A lot of people complain about negative reviews, but don’t take the time to actively refer happy customers to review sites. It’s not really that hard. It just takes an active effort. You can always encourage people to post reviews on certain outlets through signage or your receipts. But I’d go beyond that.

When someone tells you that they’ve had a wonderful experience with your business or product, that is an opportunity to invite them to post a review on a particular service (whatever service is most important at that moment). This only comes after you have listened to them, answered any questions and sincerely thanked them. However, it can manifest itself in different ways.

The Restaurant Manager

You are the manager of a restaurant, and a guest asks to see you, in order to tell you how lovely their server was. Here’s something you could say: “thank you for taking the time to tell me. I’m very happy that you had such a great experience. If you feel comfortable posting your thoughts online, we’d be grateful for a review on Yelp or TripAdvisor.” Whatever their response is, you say, “thank you again, and have a wonderful evening.”

If you are a small business, even better. You can include something like, “online reviews can be so impactful to a small business like ours.” And people will respond. Whatever they post, you should be appreciative.

I know that, for some, this might feel like a big ask or like you are putting pressure on the customer. It could be that way, if you are too heavy-handed about it. Watch your tone, watch how you introduce it. It should be a lightweight aside. Nothing more. It’s the end of the conversation, after you have delivered value, not the start.

If it feels like too much, you could always hold off on inviting someone to post a review until they are a regular customer you have a relationship with. If they know you and your business, they’ll be even more open to you asking if they’d be willing to review your business online.

The Book Author

You are the author of a book and you just received an email from a reader, telling you how much they enjoyed your book. They have some questions they’d like answers to. Thank them. Provide great answers to those questions. And then ask if they’d be willing to post a review of the book online. I have done this several times. This is the type of thing I would say:

“At the risk of being a little forward, would you be willing to review the book online? Honest reviews are so powerful and meaningful. Amazon.com is a great place to review the book. If you can’t or don’t feel comfortable, no worries, I totally understand.”

Simple, no pressure, no expectation. And it works.

Incentivizing Reviews

Don’t offer someone a free drink if they’ll post a review. Don’t offer them a copy of your next book. Don’t even offer them a 5% discount on their next order. Not unless you are going to make sure they disclose that in their review.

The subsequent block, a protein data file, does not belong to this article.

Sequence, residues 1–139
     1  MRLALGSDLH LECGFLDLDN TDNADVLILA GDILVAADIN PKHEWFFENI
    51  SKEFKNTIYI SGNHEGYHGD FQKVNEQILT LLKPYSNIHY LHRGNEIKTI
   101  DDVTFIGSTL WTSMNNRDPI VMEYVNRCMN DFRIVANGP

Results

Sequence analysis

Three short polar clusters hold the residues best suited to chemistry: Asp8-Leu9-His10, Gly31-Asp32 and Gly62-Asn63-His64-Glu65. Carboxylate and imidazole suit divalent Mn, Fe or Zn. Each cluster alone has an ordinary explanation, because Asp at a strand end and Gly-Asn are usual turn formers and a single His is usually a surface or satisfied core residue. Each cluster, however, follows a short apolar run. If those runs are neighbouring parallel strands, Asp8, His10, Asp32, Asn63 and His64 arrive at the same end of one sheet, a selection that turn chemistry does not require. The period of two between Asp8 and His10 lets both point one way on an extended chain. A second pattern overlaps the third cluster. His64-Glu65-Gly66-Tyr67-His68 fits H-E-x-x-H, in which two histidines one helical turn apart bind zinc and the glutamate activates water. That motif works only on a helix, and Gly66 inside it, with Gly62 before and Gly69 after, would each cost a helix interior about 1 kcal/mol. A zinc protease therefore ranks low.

From the FTC:

What if all I get from a company is a $1-off coupon, an entry in a sweepstakes or a contest, or a product that is only worth a few dollars? Does that still have to be disclosed?

The question you need to ask is whether knowing about that gift or incentive would affect the weight or credibility your readers give to your recommendation. If it could, then it should be disclosed. For example, being entered into a sweepstakes or a contest for a chance to win a thousand dollars in exchange for an endorsement could very well affect how people view that endorsement. Determining whether a small gift would affect the weight or credibility of an endorsement could be difficult. It’s always safer to disclose that information.

Also, even if getting one free item that’s not very valuable doesn’t affect your credibility, continually getting free stuff from an advertiser or multiple advertisers could suggest you expect future benefits from positive reviews. If a blogger or other endorser has a relationship with a marketer or a network that sends freebies in the hope of positive reviews, it’s best to let readers know about the free stuff.

Even an incentive with no financial value might affect the credibility of an endorsement and would need to be disclosed. The Guides give the example of a restaurant patron being offered the opportunity to appear in television advertising before giving his opinion about a product. Because the chance to appear in a TV ad could sway what someone says, that incentive should be disclosed.

Review programs are a thing. Sending someone a copy of your book so that they will review it is fine. But those programs need to be crafted with the FTC endorsement guidelines in mind. You might think you skirt the FTC and get away with it, and you might. But I feel it’s worth it to build your reviews honestly. Whenever someone has offered me a discount for a review, I’ve never done it because it felt dirty.

Reviews aren’t some sort of under-the-table deal. You performed a service, they are reviewing that service. Don’t cheapen that or create a conflict of interest or a legal issue.

Unfortunately, many people who have a positive experience don’t think to post a review until they have a bad one. And when that happens, they freak out. The idea is to be actively seeking reviews and build up a solid review history over a long period of time so that, when you do receive bad reviews, they won’t weigh too heavily on your business.

Don’t wait until you have an awful presence, on a meaningful review site, before you begin to encourage happy customers to post reviews. Do that before you need it. Make asking a habit.